The impact is more likely to be damaging when the exposure to violence is frequent, as it is for many residents of Chicago’s south and west sides, where shootings on street corners and in alleys and parks are common. But community violence isn’t the only culprit. For many residents of poor neighborhoods, the emotional toll of public violence is compounded by violence in their homes—as Coney knows too well.
Coney’s family rents a house on the 6800 block of South Claremont. She was president of the block club from 2010 until recently. Most of the homes here are occupied, but a half dozen are boarded up, and there are a few empty lots where homes once stood. Next to one vacant lot, a handwritten sign nailed to a dead tree beseeches passersby, “Please don’t dump paper, dog poop, cans, bottles, and any other trash. God is watching you!!”
Coney grew up on the block, almost directly across the street from where she lives now. Her parents bought a home here in 1979, when she was three. The area was changing racially: the census tract had no black residents in 1970, and ten years later it was 90 percent black. The poverty rate in the tract quadrupled that decade, from 5 percent to 21 percent. (Today, 95 percent of the residents are African-American and 47 percent are poor.) Coney has fond memories of the neighborhood in her early years. “It was safe, it was lovely, the grass was green, we were able to play outside and ride our bikes.”
Things were less idyllic inside her home, where she grew up with two brothers and a sister. Their father, a forklift driver, worked steadily, but he came and went, and had numerous children with other women, she says. “He provided for us, the roof over our head, the clothing,” Coney says. “But he was a really rough dad. I remember being afraid when he came around, and the nasty things he’d say: ‘You just stupid’ and ‘Y’all not worth two dead flies.'” She is his oldest daughter and he seemed to favor her, so those comments were usually aimed at her mother and her siblings, but she says she felt their sting nonetheless.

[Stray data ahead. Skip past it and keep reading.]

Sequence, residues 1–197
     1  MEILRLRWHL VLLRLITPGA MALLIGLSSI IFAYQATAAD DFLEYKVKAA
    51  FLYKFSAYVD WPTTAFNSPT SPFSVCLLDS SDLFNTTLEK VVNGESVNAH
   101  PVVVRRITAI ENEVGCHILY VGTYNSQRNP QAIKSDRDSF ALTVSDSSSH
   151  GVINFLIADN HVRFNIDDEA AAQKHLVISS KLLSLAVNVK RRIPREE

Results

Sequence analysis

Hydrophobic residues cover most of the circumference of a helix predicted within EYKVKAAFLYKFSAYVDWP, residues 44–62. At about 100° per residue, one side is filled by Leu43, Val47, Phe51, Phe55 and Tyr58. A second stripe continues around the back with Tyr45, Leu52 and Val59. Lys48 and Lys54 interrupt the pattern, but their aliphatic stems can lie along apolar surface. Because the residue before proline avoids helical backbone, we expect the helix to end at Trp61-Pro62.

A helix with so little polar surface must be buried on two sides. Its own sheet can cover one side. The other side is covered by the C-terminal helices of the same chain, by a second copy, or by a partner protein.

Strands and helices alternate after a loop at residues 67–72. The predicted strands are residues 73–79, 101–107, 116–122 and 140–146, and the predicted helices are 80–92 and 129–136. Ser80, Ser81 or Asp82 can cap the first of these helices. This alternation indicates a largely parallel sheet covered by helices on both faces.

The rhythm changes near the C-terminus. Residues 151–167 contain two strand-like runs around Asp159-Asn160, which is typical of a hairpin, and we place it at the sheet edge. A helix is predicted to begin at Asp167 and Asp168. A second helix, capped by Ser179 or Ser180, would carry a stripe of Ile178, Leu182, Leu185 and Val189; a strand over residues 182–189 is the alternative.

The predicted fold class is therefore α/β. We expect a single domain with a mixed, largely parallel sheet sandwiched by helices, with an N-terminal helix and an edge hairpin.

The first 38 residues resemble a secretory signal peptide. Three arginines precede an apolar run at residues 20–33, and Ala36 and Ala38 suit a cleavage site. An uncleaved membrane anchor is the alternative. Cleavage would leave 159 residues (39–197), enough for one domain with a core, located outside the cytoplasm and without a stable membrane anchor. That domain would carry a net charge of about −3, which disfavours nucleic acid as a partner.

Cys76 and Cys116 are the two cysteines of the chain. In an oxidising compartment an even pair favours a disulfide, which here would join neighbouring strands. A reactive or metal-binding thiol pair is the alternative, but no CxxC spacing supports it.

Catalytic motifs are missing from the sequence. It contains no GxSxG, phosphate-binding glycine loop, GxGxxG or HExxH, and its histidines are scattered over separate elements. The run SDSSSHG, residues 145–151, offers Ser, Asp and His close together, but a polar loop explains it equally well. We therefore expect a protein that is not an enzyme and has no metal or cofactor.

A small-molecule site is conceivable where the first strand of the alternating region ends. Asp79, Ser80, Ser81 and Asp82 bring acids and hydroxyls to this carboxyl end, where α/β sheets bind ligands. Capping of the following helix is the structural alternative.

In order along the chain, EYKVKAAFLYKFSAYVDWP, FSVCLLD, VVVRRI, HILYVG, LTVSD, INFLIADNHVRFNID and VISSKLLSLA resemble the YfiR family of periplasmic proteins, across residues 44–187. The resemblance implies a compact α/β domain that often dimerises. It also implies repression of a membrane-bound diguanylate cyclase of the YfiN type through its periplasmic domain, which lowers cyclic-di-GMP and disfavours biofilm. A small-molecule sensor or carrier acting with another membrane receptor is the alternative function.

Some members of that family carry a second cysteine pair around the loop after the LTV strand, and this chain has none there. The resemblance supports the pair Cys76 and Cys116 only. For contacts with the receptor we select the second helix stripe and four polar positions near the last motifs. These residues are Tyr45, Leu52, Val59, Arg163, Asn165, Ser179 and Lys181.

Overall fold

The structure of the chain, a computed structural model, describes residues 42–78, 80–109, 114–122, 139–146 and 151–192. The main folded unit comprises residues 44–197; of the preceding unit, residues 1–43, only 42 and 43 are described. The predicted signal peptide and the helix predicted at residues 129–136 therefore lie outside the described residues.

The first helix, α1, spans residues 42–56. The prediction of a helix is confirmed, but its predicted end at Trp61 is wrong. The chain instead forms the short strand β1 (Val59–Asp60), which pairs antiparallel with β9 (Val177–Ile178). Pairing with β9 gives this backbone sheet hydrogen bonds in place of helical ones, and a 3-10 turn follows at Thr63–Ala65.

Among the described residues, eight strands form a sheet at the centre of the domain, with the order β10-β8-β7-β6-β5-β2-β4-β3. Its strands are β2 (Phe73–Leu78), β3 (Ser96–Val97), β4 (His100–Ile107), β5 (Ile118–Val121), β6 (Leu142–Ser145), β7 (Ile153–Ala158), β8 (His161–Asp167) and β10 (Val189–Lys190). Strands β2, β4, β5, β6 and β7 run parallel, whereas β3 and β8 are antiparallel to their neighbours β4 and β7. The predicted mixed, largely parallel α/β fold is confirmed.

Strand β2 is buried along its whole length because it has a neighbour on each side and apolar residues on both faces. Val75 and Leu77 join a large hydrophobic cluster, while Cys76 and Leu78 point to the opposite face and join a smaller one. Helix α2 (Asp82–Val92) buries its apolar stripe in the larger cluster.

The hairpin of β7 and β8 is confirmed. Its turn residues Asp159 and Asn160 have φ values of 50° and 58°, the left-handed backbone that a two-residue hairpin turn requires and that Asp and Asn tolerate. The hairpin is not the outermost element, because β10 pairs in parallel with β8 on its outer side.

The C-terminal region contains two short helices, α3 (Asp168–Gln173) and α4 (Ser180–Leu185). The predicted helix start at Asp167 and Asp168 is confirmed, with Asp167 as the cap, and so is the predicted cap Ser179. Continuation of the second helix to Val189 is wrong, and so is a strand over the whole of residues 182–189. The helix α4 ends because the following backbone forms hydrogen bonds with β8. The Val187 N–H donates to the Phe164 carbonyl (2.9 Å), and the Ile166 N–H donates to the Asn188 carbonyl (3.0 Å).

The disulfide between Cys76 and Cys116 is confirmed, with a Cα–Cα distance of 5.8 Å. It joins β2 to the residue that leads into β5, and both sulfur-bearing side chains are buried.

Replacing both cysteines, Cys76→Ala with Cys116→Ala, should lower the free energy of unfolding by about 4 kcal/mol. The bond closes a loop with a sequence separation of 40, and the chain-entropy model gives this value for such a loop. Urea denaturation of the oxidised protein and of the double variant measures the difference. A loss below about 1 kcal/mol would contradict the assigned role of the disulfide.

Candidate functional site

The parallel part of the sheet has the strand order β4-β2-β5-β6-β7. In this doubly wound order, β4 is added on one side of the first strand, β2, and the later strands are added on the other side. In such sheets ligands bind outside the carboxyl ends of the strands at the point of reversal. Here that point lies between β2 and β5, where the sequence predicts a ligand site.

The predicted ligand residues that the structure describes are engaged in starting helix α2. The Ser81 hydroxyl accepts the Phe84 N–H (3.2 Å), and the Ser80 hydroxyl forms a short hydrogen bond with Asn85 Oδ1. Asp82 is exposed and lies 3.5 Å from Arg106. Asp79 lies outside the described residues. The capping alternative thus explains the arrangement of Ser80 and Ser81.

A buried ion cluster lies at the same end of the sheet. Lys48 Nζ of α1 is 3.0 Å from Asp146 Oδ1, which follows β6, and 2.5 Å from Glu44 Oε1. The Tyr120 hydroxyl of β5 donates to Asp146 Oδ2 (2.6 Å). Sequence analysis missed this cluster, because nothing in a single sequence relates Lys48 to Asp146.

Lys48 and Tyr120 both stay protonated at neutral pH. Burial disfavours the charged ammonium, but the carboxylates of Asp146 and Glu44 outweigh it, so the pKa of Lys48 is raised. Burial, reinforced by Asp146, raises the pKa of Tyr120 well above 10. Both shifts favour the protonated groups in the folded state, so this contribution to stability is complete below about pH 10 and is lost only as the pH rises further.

Coney and her siblings were whupped “with belts, extension cords, a hanger, a shoe,” she says. Her dad “would put your head between his knees with your tail up, and tear your butt up.”
She felt loved and cared for by her mother. But when her father was around, her parents “argued night and day,” she says. Sometimes he’d throw and break things. He kept guns in the house, and Coney says one New Year’s Eve he accidentally dropped a gun to the floor and it went off, “scaring the living crap out of everybody. I remember my mom being so angry, saying ‘Boo [her youngest] could have got shot.'”
Her mother had her own gun, and drew it on her father once, Coney says. During heated quarrels between their parents, Coney and a brother would cover their ears and flee upstairs, afraid that one of their parents would grab a gun and shoot the other.
“It was so dysfunctional, and we thought it was normal,” Coney says. “But I think in a sense we knew something was wrong.”